Convicted Thai ex-PM Thaksin facing possible royal insults charge

Convicted Thai ex-PM Thaksin facing possible royal insults charge

BANGKOK: An official said on Tuesday ( Feb 6), only weeks before his potential release on parole, that Thailand’s attorney general is considering prosecuting past Thai elite Thaksin Shinawatra over an alleged attack of the strong king.

After the military overthrew a state led by Thaksin’s girl, the junta in charge of Thailand filed the complaint, which is about an interview he gave in 2015 while in South Korea. Thaksin has vowed to uphold the king on numerous occasions.

In Thailand, where the law stipulates that the king may be held in a place of “revered worship,” insulting the crown is both illegal and demeaning. The lese-majeste rules is one of the closest in the world, punishing each alleged offense with up to 15 years in prison.

The powerful Thaksin, who served as prime minister from 2001 to 2006, abruptly returned home last August after spending 15 years in self-imposed exile to provide an eight-year prison term for abuse of power that the king after reduced to one year.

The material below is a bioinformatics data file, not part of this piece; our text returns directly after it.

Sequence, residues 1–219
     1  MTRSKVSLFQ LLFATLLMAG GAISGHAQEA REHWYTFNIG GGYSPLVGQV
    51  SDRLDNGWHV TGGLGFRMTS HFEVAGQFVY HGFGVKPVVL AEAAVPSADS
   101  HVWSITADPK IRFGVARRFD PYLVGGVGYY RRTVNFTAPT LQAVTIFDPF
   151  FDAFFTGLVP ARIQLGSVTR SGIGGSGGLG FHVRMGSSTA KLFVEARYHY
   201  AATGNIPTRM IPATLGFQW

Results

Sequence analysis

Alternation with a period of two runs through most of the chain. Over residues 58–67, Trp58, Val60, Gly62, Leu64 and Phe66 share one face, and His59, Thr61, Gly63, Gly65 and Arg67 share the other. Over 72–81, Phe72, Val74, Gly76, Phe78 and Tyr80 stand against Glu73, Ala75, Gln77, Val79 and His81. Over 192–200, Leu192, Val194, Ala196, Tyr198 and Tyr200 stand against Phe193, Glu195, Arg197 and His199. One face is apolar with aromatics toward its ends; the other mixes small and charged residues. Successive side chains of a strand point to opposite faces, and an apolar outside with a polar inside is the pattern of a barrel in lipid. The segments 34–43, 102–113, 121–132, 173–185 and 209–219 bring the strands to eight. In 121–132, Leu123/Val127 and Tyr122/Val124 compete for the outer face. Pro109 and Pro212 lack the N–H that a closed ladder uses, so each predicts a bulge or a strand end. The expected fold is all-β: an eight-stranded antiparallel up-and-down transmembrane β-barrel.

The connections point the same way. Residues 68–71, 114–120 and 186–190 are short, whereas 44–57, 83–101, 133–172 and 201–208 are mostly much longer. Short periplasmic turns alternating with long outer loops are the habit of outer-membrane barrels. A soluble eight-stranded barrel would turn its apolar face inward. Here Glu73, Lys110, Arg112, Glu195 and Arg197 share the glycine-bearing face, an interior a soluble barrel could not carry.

The businessman has n’t spent a whole night in jail but and is being held in custody there due to an unidentified medical issue. Later this month, he is ready for pardon.

The seven-year pause in responding to the royal insults issue, according to Prayut Petchkhun, a spokeswoman for the attorney general’s office, was caused by Thaksin traveling.

He added that Thaksin, 74, had denied wrongdoing and had given specialists” a email requesting justice,” but he provided no deadline for when a decision would be made. He omitted to expound on Thaksin’s accusation.

Thaksin could be partially released while the attorney general decides whether to file charges, according to Prayut, who added that if he is freed, police will detain him.

In response to a request for comment, Thaksin’s attorney did not immediately respond.

The Shinawatra community supports the latest Thai government, and Thaksin’s return coincided with Srettha Thavisin, an ally and real estate tycoon, becoming prime minister that same day.

Rumors of a covert political agreement between Thaksin and his formidable adversaries have been refuted by his friends.

A year has passed since Move Forward, the largest party in parliament, was forced by a judge to leave its contentious program to alter the lese-majeste law. This month marks the start of the announcement of ostensibly new case against Thaksin.

Days later, Move Forward received a barrage of complaints calling for its breakdown and life bans for numerous lawmakers due to its position on the crown-protective law.